In considering whether to appeal a trial court decision, or in needing to hire counsel to defend against an appeal brought by the other side, the matter is time sensitive and can also be very costly, depending on the particulars involved in the case and situation. For these reasons, a client looking for representation on these types of matters should contact us immediately so that an initial consultation can be scheduled as soon as possible to ensure there is adequate time available to address your matter.
What is involved in an appeal?
FAQs regarding appeals and the appellate process can be answered here (link to http://www.ninth.courts.state.oh.us/FAQ.htm).
What if the appeals court makes the wrong decision for my case?
After the court of appeals makes its decision, the decision is made in a lengthy written legal opinion. That decision lays out the reasoning for the decision as well as whether the case is affirmed (upheld) reversed (overturned) and/or remanded (sent back to the trial court). If a case is affirmed, that means the decision will be upheld. If a case is reversed that means that the parties are all restored to the legal relationship which existed before the trial court made their determination. If a matter is remanded that means the court of appeals has sent the case back down to the trial court to make a new decision consistent with whatever the court of appeals said in its decision. This can mean that a trial court needs to have a new trial or that it can make a new decision based on the same evidence that was introduced the first time. Either way, because there is only one appeal of right in Ohio, a court of appeals decision is generally final.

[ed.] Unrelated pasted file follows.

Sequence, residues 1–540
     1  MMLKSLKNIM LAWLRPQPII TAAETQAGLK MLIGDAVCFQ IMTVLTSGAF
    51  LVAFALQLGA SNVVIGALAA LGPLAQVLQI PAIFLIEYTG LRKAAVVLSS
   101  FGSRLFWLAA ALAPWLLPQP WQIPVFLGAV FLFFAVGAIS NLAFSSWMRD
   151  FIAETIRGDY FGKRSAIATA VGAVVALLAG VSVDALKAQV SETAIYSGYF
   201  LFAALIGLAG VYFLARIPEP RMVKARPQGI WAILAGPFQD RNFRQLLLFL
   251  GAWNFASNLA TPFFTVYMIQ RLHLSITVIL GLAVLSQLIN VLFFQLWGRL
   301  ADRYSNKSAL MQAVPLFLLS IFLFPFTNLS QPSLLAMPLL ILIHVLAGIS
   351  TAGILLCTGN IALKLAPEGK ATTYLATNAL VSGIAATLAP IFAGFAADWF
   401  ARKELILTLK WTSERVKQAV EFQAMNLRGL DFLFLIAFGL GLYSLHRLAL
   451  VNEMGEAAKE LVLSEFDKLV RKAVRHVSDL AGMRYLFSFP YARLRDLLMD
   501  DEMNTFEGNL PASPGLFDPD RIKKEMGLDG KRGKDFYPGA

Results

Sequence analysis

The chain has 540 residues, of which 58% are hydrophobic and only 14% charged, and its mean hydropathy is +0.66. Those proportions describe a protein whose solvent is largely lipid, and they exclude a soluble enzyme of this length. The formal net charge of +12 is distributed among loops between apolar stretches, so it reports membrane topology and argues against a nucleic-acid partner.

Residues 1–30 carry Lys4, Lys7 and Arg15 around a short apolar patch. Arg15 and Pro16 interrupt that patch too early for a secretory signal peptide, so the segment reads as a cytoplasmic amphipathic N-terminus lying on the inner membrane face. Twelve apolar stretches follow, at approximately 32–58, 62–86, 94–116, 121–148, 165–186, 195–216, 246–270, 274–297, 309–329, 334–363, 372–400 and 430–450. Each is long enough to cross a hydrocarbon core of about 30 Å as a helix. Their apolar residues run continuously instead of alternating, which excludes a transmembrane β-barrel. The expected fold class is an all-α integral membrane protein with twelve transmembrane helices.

There is, however, an exception to a court of appeals decision being final and that is if the case is accepted by the Ohio Supreme Court for further review and consideration. The difference in this appeal, however, is that most times, this appeal is discretionary, being that the Supreme Court has to agree to take the appeal in the first place. To try to get a matter into the Ohio Supreme Court, the party appealing has to submit a detailed Memorandum to the Court, attempting to convince the court to take the case. The Supreme Court does not widely accept cases. Most often, a case is accepted by them if it involves a constitutional issue, if there are conflicts on the issue between two or more of the courts of appeals across the state, or if the matter involves a matter of great public policy or concern. Most importantly, to get a case into the Ohio Supreme Court, a party must demonstrate why this case matters to people outside of the parties. For example, adoption cases generally are easier to get into the Ohio Supreme Court as compared to divorce cases. Where divorce cases often time involve facts and circumstances very central to one particular family, adoption cases have the potential of changing adoption laws throughout the entire state, where not only one set of biological parents’ rights are affected, but which could have rippling effects through the entire adoption industry. In any type of case, however, the party who has lost at the appellate court level reserves the right to try to get into the Supreme Court but should understand that this is a matter of discretion and is not at all guaranteed. For this reason, a court of appeals decision should be carefully reviewed by an attorney and the client so that the client can weigh whether it makes sense for them to attempt an appeal to the Supreme Court and what the costs associated with that attempted appeal may be.